And you don’t stop, for hunger.

Local hip hop artist Aquafresh will pump up a charitable crowd for Joell Ortiz at tonight’s “Hip Hop for Hunger” concert.

Hip hop performing artist Aquafresh will be featured during the Hip Hop For Hunger food drive benefit happening Nov. 17th in the Cabooze Music Club at 9 p.m.

Hip hop performing artist Aquafresh will be featured during the Hip Hop For Hunger food drive benefit happening Nov. 17th in the Cabooze Music Club at 9 p.m.

Sarah Harper

What: âÄúHip Hop for HungerâÄù

When: 9 p.m., tonight

Where: Cabooze, 917 Cedar Ave., Minneapolis

Cost: $14-18

Aquafresh has a tattoo that says, âÄúDONâÄôT FALL IN LOVE.âÄù

TonightâÄôs crowd at the Cabooze might catch a glimpse of it on his forearm when they see the local hip-hop artist performing at the charity concert, âÄúHip-Hop for Hunger.âÄù And given his goofy sense of humor, they might break his rule and fall in love.

The Colombia-born, Minneapolis-raised hip-hop artist known exclusively as Aquafresh will set the stage for Brooklyn-sprung rapper Joell Ortiz, whose arrival in Minneapolis comes hot on the heels of a recording stint with Eminem in Detroit.

âÄúJoell Ortiz is super unique. HeâÄôs one of the actual last metaphor rhymers in the industry,âÄù said Aquafresh, who will be the last performer before Ortiz tonight.

Aquafresh started performing in Minneapolis in 2007. Before that, he set up poetry jams for his fellow inmates while serving a sentence for possession.

âÄúPeople read sad love letters to their girlfriends. Some people would rap and beat on their chests,âÄù said Aquafresh, who wears glasses with the lenses punched out.

Aquafresh worked with Mike the Martyr on his newest release, âÄúIn Search of the Wonderous Punch.âÄù On the CDâÄôs cover, Aquafresh and Mike the Martyr lean on the wall of UptownâÄôs Red Dragon. Aquafresh, who is only 26, said he grew up listening to salsa music and the Wu-Tang Clan.

âÄúIâÄôve always been a hip-hop head, ever since I was a kid,âÄù he said.

While Slaughterhouse member Ortiz has been working it out in the studio with the Real Slim Shady, the best friends behind K and B Promotions have been corralling artists to perform before him at a Live Aid-like benefit for MinnesotaâÄôs hungry. Justin Bumgardner and his business partner Rick Kocourek want people to bring in food donations for Hunger Solutions, a nonprofit in St. Paul.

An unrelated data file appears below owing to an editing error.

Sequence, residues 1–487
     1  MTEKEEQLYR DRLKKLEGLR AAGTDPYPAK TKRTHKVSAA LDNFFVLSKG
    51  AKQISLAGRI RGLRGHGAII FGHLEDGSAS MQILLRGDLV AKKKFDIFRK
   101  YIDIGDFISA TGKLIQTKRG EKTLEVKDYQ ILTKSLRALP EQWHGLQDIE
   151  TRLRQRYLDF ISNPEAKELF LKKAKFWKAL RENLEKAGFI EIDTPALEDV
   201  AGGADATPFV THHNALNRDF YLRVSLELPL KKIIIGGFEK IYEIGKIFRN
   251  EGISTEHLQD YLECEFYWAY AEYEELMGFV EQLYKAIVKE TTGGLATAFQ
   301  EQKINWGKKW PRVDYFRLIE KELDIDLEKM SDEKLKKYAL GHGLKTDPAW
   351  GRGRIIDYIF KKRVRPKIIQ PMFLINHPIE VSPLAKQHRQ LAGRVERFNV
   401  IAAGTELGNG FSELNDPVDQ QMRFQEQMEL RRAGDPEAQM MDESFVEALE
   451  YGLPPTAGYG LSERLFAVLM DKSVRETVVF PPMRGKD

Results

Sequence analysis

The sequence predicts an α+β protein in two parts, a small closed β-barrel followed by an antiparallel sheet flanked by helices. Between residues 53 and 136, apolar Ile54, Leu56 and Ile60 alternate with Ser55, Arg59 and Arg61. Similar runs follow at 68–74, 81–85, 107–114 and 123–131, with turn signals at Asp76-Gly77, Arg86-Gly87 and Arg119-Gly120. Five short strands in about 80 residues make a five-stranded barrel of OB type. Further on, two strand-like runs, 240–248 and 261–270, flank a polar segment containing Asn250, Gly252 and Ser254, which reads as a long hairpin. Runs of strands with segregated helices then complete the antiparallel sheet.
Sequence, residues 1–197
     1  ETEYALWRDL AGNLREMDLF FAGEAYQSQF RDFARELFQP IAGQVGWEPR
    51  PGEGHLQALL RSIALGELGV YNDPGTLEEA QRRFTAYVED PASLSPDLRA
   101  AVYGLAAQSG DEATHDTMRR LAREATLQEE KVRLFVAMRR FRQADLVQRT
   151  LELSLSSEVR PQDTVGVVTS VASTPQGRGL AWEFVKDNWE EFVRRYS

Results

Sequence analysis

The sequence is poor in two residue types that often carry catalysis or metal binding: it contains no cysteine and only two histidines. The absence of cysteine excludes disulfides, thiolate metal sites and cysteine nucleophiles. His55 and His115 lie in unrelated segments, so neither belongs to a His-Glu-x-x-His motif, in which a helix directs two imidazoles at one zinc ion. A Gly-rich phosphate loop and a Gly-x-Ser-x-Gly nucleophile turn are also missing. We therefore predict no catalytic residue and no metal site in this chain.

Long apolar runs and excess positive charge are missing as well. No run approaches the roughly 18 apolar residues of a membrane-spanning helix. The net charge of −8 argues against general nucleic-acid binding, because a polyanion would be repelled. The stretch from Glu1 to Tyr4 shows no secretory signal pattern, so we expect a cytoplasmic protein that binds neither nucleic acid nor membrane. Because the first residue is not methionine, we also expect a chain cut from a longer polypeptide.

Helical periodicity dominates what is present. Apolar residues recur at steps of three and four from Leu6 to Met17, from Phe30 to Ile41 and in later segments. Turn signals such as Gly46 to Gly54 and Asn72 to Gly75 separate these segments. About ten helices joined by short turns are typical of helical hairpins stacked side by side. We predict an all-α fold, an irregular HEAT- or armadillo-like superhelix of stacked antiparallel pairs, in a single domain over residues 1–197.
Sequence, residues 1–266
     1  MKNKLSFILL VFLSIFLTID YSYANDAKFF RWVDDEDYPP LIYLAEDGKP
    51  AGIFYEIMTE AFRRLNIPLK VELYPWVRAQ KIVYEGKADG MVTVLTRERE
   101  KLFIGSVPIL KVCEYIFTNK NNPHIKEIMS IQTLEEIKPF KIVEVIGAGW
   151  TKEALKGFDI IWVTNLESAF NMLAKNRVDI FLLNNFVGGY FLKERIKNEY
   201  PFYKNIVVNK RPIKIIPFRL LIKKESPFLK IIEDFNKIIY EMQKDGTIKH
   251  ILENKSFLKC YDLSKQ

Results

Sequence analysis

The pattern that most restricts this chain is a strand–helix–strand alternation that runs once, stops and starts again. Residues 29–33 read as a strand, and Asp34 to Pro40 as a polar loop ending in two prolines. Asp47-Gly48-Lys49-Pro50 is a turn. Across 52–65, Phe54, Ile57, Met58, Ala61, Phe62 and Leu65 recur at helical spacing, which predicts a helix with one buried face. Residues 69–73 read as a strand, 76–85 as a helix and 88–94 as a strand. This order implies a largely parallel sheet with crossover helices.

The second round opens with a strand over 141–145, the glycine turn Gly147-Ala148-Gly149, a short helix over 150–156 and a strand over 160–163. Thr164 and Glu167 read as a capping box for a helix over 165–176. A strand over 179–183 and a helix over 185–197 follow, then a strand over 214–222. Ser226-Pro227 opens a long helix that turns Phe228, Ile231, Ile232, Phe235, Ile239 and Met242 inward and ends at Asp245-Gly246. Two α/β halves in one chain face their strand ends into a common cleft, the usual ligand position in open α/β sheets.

âÄúItâÄôs really hard to get people to think about helping other people out when right now, everybody kind of needs help,âÄù Bumgardner said.

Bumgardner has put together a concert that belongs on the calendars of those cursed with short attention spans: From the moment the doors open at 9 p.m. until the eventâÄôs finish at 2 a.m., the show will keep even the most goldfish-like among us satisfied with a variety of acts and a raffle for people who donate food.

âÄúMy main goal out of all of this is to get people to bring a food donation to this concert,âÄù Bumgardner said.

And Joell Ortiz is the main event âÄî thatâÄôs obvious, especially if youâÄôve seen his face emblazoned on the posters hung up all over the University of Minnesota area.

But Aquafresh and Mike the Martyr are enough to draw crowds in their own right. Same thing goes for Carnage the Executioner, who will host âÄî heâÄôs a St. Louis Park hip-hop artist fond of layering and looping his beat boxing. Before the show even starts, a freestyle crew presented by Rapfam will warm crowds up. TheyâÄôll see Absent, the 2008 winner of the Twin Cities Hip-Hop AwardsâÄò best white rapper award. DJ D.mil, Cherry Sky Studios, Conflict of Interest and fresh-faced duo Kids Like Us will also take a turn.

Throughout the night, Anna Hoover will create her hip-hop-inspired art. Under the moniker AnnaBOMBart, Hoover slaps together musical iconography, graffiti-like text and neon hues.

 âÄúWe do hip-hop shows. Fun shows,âÄù Bumgardner said.

This wasnâÄôt a one-man effort âÄî Bumgardner reached out to a multitude of nonprofits and businesses, ending up with sponsorships from the Fifth Element and Hunger Solutions. He has set up food drives at clothing stores all over the Twin Cities.

Bumgardner originally tried to enlist the help of the Salvation Army. Although the folks at the Christian organization liked the idea, they didnâÄôt want to be represented by an artist with such strong Marshall Mathers connections. So theyintroduced Bumgardner to Hunger Solutions âÄî that organization will ensure that the food people donate at the Cabooze tonight will go to those in need before Thanksgiving.

Bumgardner said he wants to keep doing concerts for causes. HeâÄôs got his sights set on raising school supplies next fall and doing a second âÄúHip-Hop for Hunger,âÄù with stronger corporate sponsorship and a bigger budget. HeâÄôs got the same date booked for next year.